In the past, refugees were, like all immigrants, expected not to become dependent on taxpayer largesse. Any support they needed came from individuals or private groups — sacrificial charity, given voluntarily, most often by religious organizations.
Government funding of refugee resettlement started in a very small way in 1948, when the federal government for the first time paid for the trans-Atlantic travel costs of a certain number of displaced persons from Europe — but private charities were still required to take things from there and to ensure the refugees didn’t become public charges. In the wake of the 1956 Hungarian Revolution, the government for the first time paid charities directly to resettle those refugees, at $40 a head.
From tiny acorns grow mighty oaks.
A recent study by several of my colleagues at the Center for Immigration Studies found that the lifetime cost (taxes paid minus services used) to taxpayers of resettling a refugee is $60,000, with those entering as adults costing twice that. Part of this is the $2,175 per head payment by the State Department to its resettlement contractors — Lutheran Immigrant and Refugee Service, U.S. Conference of Catholic Bishops, and other ostensibly private organizations that are now primarily funded by taxpayer money. Also driving this is the fact that refugees, unlike other immigrants, have immediate access to welfare, which they make extensive and long-term use of because of their typically very low levels of education and, in many cases, a complete unfamiliarity with modern, urban society.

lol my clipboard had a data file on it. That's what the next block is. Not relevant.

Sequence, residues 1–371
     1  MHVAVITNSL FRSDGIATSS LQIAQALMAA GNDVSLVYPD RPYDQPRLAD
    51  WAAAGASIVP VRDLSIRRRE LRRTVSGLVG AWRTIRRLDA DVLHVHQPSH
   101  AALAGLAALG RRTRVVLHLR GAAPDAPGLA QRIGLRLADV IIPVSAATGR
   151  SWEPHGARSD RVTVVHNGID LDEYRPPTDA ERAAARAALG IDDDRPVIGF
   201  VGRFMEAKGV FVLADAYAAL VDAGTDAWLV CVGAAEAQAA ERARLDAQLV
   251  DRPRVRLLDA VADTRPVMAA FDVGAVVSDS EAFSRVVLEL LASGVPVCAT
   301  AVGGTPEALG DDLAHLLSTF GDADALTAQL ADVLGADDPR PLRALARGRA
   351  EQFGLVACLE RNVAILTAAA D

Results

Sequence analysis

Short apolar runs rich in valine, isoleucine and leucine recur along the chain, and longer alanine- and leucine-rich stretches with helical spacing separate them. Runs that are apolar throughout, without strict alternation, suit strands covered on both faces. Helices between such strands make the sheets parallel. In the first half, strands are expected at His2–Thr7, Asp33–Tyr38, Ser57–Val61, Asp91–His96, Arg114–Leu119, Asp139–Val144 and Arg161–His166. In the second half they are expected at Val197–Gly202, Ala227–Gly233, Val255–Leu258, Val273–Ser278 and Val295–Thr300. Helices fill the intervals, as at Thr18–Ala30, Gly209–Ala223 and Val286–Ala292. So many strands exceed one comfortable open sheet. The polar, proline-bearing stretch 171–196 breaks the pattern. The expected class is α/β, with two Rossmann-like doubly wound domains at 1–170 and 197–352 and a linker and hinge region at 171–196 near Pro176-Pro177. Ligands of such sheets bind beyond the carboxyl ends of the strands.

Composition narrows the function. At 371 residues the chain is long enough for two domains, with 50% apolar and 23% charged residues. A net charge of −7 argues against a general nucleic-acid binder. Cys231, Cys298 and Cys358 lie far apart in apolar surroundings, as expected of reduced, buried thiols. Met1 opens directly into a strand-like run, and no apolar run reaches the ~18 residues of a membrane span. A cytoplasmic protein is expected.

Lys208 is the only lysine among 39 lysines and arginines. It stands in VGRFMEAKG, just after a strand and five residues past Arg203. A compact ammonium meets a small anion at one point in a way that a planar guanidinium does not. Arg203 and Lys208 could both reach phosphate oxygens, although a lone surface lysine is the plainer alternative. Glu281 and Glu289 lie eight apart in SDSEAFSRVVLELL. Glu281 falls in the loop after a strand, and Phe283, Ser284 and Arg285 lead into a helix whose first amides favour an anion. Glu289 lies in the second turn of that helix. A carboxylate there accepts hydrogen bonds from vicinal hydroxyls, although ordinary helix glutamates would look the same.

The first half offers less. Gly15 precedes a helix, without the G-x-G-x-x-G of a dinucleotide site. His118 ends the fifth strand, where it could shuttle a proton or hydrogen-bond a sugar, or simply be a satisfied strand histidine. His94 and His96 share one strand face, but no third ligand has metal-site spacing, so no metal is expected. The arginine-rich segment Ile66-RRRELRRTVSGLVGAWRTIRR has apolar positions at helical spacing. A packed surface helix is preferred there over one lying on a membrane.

It’s only a slight exaggeration to say that the main responsibility of the taxpayer-funded resettlement contractors is to sign immigrants up for taxpayer-funded welfare. These religious groups have turned Christ’s admonition on its head; in the Gospel of Matthew, He says, “When thou doest thine alms, do not sound a trumpet before thee, as the hypocrites do in the synagogues and in the streets, that they may have glory of men.” Instead, today’s resettlement contractors not only sound a trumpet every chance they get, but also seek the glory of men through alms supplied not from their own resources but with other people’s money, taken by force.
This shift from voluntary private charity to mandatory taxpayer funding is part of the broader left-wing hostility to philanthropy. As Karl Zinsmeister wrote in the Wall Street Journal in January, “For people with a controlling impulse, private wielders of resources represent alternative sources of ideas and social legitimacy that must be suppressed in favor of unitary government prescriptions.” (It was co-opted rather than suppressed in the case of refugee resettlement, but the impulse and effect is the same.)
Bernie Sanders expressed this impulse baldly when he was mayor of Burlington: “I don’t believe in charities.”
A better model for refugee resettlement would be to return to private sponsorship, which is the way Canada resettles most refugees. A sensible version of this for the United States would operate under the numerical ceiling set annually by the president, with individual candidates for resettlement selected and vetted by the State Department. The sponsoring organization or individuals would then undertake genuine charity by committing to be legally responsible for five years to provide whatever support (from their own funds) the refugee may need. This would not only save taxpayer money, but also be much more likely to foster self-sufficiency and assimilation.